• http://egregores.wordpress.com Apuleius Platonicus

          Indeed, none of the emails that Exum quotes from were in the least bit iniquitous. One called him “pathetic”, which he very arguably is. Another invited Exum to kiss her Pagan ass, which is a perfectly reasonable response to someone who calls you a liar with no honor. Two others gave Roy a little taste of his own medicine by mocking some of the more disgusting/ridiculous aspects of the death-cult of Jesus — but in both cases the mockery was done using accurate, if crude, descriptions of actual Christian beliefs and practices.

      • AnonGuest

        Yes, he did.

      • http://paosirdjhutmosu.wordpress.com Djhutmosu Si-Hathor

        I agree. I found myself reading some of the emails he quotes, and found myself wanting to email him and apologize, even though I had not emailed him before in the first place.

        • http://www.facebook.com/people/John-H-Halstead/1170545330 John H Halstead

          I think Mr. Exum is a role model for us all. We can’t expect everyone to already be well informed about Paganism. Christians who are open-minded about a counter-cultural minority religion like Paganism are rare enough, but someone who actually can admit they were poorly informed and then publicly apologize and reach out to the offended group as Exum has, well I think such a person is rare in both Christian and Pagan circles. Some of the emails he received from Pagans were worse than his original column, I think. Sometimes Pagans can be as intolerant of Christians as Christians can be of Pagans. I wish all of the Pagan responses had the same measured tone and generosity of spirit as Exum’s retraction had. If we could all follow his lead, by admitting when we have been petty or ignorant, then I think that might go a long way toward healing the animus that Christians and Pagans feel toward each other.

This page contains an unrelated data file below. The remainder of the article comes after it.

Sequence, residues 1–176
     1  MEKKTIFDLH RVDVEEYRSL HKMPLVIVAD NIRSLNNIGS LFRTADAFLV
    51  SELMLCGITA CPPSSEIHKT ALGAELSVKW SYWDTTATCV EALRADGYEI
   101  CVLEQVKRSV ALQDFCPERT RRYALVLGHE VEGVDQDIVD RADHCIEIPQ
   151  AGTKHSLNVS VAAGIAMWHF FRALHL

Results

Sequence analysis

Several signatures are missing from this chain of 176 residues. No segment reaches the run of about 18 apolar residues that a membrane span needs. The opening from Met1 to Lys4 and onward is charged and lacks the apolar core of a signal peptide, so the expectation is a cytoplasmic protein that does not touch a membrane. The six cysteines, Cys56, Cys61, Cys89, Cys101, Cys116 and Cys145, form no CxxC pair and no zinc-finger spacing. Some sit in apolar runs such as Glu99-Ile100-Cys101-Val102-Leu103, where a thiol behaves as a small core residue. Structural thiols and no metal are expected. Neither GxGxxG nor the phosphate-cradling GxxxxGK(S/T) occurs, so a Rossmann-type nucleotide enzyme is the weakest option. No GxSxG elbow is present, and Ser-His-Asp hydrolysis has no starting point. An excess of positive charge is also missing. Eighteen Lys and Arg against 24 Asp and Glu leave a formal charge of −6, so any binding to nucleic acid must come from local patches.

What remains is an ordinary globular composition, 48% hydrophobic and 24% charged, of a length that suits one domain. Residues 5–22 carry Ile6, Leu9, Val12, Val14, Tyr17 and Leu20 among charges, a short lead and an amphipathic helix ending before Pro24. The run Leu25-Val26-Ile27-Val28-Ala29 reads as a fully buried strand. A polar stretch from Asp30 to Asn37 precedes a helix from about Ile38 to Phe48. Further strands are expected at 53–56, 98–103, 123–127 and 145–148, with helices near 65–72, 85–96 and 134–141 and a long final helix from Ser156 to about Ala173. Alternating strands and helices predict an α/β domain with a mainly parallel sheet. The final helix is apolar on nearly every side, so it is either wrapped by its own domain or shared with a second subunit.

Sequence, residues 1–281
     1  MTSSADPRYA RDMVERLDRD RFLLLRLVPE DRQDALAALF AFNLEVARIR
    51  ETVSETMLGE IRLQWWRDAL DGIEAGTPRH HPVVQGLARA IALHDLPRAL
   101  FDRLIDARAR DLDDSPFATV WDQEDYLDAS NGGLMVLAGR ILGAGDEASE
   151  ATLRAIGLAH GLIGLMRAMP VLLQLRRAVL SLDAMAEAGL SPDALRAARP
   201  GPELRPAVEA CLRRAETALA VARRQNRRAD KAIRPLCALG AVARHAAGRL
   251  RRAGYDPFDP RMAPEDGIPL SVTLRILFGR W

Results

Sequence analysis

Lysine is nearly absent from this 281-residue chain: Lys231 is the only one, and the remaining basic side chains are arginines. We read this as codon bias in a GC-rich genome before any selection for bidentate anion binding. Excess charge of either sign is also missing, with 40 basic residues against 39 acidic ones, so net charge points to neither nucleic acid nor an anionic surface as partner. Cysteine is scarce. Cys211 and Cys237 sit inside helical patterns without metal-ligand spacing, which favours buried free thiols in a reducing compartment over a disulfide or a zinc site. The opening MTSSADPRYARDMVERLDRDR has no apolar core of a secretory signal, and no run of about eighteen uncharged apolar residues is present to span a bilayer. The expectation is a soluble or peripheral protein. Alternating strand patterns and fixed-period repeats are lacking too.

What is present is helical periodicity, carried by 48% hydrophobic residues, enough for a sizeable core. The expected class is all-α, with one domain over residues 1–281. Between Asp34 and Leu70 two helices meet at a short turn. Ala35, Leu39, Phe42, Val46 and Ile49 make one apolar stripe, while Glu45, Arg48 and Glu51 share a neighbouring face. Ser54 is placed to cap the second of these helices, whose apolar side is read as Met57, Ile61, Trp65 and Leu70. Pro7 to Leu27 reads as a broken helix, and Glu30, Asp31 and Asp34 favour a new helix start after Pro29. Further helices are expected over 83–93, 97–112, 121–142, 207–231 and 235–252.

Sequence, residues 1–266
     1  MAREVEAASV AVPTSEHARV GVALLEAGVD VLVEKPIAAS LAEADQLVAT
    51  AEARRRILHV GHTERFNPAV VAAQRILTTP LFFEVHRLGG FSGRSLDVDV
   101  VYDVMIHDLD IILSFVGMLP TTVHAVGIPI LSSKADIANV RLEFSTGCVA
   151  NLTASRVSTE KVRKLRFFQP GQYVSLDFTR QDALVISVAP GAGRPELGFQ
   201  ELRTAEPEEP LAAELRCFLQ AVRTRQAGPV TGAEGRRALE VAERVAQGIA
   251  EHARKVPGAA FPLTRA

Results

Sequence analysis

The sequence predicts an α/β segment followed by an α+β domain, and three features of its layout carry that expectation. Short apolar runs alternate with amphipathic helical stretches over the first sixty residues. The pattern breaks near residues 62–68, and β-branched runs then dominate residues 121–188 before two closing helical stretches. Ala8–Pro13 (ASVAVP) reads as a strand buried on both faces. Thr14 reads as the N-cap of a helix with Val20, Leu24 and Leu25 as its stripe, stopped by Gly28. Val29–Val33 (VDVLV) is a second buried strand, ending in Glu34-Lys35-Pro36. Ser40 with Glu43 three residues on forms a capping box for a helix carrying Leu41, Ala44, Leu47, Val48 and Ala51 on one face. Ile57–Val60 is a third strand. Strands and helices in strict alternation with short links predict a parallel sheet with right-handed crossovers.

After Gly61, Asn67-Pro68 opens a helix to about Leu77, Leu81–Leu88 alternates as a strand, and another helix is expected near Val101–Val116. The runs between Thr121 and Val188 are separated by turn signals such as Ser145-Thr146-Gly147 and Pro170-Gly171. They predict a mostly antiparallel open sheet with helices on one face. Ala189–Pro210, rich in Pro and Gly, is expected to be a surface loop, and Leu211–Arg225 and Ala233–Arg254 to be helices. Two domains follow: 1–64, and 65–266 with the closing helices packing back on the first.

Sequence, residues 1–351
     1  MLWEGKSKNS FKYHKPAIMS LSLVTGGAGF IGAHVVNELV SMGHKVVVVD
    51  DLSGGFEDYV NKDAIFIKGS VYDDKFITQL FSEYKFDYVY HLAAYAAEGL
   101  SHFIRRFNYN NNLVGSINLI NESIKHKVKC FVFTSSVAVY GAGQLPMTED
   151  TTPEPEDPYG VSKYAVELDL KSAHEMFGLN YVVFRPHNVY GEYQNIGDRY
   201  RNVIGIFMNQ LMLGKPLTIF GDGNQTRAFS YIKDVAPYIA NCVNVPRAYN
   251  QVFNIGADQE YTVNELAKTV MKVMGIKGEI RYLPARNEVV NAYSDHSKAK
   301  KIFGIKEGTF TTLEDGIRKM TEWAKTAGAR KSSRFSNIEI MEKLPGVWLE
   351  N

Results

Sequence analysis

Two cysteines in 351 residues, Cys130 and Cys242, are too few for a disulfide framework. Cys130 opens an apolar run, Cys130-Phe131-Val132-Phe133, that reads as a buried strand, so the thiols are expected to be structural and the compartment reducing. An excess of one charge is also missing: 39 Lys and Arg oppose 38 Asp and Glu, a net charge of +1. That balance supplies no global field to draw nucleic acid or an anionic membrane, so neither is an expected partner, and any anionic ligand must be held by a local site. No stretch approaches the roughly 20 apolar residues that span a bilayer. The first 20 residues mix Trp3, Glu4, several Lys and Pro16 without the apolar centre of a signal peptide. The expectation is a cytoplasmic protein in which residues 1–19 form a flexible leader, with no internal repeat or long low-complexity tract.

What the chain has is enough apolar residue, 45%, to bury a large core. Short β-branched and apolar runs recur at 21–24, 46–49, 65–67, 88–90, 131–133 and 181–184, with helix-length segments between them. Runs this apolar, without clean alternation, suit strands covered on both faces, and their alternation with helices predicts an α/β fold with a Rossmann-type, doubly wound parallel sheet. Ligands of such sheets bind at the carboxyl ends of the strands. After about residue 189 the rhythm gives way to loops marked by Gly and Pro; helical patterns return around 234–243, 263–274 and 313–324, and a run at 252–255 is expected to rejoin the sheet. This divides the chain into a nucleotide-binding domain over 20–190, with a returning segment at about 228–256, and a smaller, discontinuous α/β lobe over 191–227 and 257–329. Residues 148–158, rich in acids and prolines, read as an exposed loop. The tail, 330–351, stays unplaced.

• Anonymous

    “way to achieve dominion is not to become ‘America’s Taliban,’ but rather to have kingdom-minded people in every one of the Seven Mountains…Family,so that they can use their influence to…permeate all areas of society.”

    WTF does this even mean, to put kingdom-minded people in “the family”? The only two possibilities I can see are equal parts idiotic and horrifying–either they create a bureaucracy to regulate families, or they insist that all families are headed by a Christian fundamentalist who believes in the appropriate dogma.

    Can anybody think of an interpretation of that statement which doesn’t involve howling stupidity?

    • Baruch Dreamstalker

      To bring up kids to take their places as adults in kingdom-centered families, and set their face against anything (like gay marriage) that violates their idea of a kingdom-centered family. I don’t know if that passes the non-howling-stupidity test but it’s what I took the term to mean. YMMV.

    • Norse Alchemist

      Actually I don’t think “The family” he’s talking about here are your typical home family. I think he’s talking about the “Family of Christ” or something like that. Of course he could be talking about converting families, one member at a time. It’s probably both.

  • http://www.magickal-media.com Alice C. “A.C.” Fisher Aldag

    I don’t care what your religion is… as a hobby farmer who keeps chickens, I say that having them in your cellar is a BAD idea. They poop. They poop six times their weight each day, it seems. They kill each other… in their quest for dominance, they often peck each other to death. Do you REALLY want chicken poop and corpses stored next to the supplies for your hair care? Bacteria alert! My daughter, the cosmetologist, is shuddering. Not cruelty, not a religious crusade, just common hygienic good sense!